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Video shows Laval police dragging Black man from car by hair
MONTREAL -- Quebec Premier Francois Legault once again denied there is systemic racism in the province following a video that surfaced of a Laval police officer dragging a Black man out of a car by his hair.
During a press conference in the Eastern Townships Legault brushed aside calls for the government to look into systemic racism, saying experts don't agree on a definition. However, he said some new regulations are required to prevent future racist actions by police.
"I think there is some racism in Quebec," he said. "I think the vast majority of Quebecers are not racist."
Legault's comments come as mass protests against police brutality and racism mobilize across the United States. A demonstration in solidarity with the protesters was held in Montreal last weekend and a day later Legault said that while some Quebecers, including police, are racist, he didn't see "an organized system, in the police community or anywhere."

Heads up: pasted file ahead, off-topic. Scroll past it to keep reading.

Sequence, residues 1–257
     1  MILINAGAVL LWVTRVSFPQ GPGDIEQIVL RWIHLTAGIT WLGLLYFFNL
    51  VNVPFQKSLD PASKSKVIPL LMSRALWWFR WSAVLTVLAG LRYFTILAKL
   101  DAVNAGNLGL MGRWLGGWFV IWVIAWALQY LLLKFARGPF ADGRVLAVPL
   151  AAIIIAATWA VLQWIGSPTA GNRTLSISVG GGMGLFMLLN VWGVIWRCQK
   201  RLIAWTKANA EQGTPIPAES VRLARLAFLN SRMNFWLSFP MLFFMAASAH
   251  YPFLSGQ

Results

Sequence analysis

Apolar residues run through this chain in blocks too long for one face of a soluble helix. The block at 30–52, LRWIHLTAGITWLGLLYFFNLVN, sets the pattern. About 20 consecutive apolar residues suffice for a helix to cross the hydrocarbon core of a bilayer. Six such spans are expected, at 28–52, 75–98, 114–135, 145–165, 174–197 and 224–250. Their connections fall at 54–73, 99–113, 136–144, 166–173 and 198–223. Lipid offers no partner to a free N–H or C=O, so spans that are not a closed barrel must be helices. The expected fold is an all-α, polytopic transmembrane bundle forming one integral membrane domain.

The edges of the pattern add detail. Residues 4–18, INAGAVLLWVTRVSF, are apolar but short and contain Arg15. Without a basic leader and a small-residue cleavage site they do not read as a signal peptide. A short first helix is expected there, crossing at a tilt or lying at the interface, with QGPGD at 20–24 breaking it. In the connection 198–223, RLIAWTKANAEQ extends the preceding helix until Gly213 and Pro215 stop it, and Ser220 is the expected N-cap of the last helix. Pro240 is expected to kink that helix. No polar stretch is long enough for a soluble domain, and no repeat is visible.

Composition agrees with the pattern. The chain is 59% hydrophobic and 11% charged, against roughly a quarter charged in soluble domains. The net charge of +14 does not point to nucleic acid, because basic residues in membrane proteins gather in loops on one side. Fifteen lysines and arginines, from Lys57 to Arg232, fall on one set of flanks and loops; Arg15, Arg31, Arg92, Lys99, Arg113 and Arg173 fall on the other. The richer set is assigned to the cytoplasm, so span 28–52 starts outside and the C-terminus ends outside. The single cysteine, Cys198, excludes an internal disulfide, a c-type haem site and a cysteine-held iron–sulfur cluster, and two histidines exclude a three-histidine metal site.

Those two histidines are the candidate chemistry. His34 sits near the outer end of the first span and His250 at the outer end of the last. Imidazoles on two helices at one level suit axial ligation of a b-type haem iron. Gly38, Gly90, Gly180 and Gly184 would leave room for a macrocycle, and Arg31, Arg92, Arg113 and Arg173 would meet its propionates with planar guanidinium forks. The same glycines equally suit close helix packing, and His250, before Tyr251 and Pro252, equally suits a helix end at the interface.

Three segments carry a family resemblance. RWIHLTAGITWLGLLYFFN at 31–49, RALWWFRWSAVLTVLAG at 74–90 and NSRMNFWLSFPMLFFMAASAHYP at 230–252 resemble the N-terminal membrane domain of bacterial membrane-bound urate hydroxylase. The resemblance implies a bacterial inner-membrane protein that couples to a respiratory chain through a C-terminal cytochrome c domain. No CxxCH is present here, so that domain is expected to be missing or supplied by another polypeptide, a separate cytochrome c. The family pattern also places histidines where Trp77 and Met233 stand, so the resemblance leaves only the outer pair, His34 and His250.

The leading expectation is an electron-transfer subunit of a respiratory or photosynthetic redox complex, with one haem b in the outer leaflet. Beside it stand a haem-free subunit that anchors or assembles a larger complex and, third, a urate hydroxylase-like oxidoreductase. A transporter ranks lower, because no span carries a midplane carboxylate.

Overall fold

The premier's repeated denials of systemic racism in Quebec come the same week that video of the Laval incident, which occurred on May 25, went viral.
The man and his friends were driving in Laval when they were pulled over by police for driving erratically.
This backseat passenger was asked several times to get out of the car and he responded several times by asking the officers why. Police say on video that they are conducting an investigation, but don’t say of what.
The man’s lawyer Virginie Dufresne Lemire said afterward the officers strike the man, who Dufresne Lemire said would prefer to use his first name only: Samuel. That can be seen and heard on the video.
The officers repeatedly ask him to put his hands behind his back, but the video also shows that Samuel's arm is being pinned above his head by an officer. Samuel is heard saying they are holding his arm so he can't put them behind his back.
Dufresne Lemire said from the police statement, they know police didn't ask any questions about whether the driver had consumed any alcohol, which is what is expected when there is erratic driving and that other information in the statement is contradictory.
"Maybe we’re going to find out that they were indeed doing an inquiry, that it was legal, that they had motives to do this, but for now we don’t have that information," she said. "But even that, the arrest is problematic. You can not take someone out by their hair. This is not something they teach. You’re not supposed to do this."
The men received tickets related to COVID-19 infractions that say they weren't observing distancing rules. As far as Dufresne Lemire knows, there were no other accusations.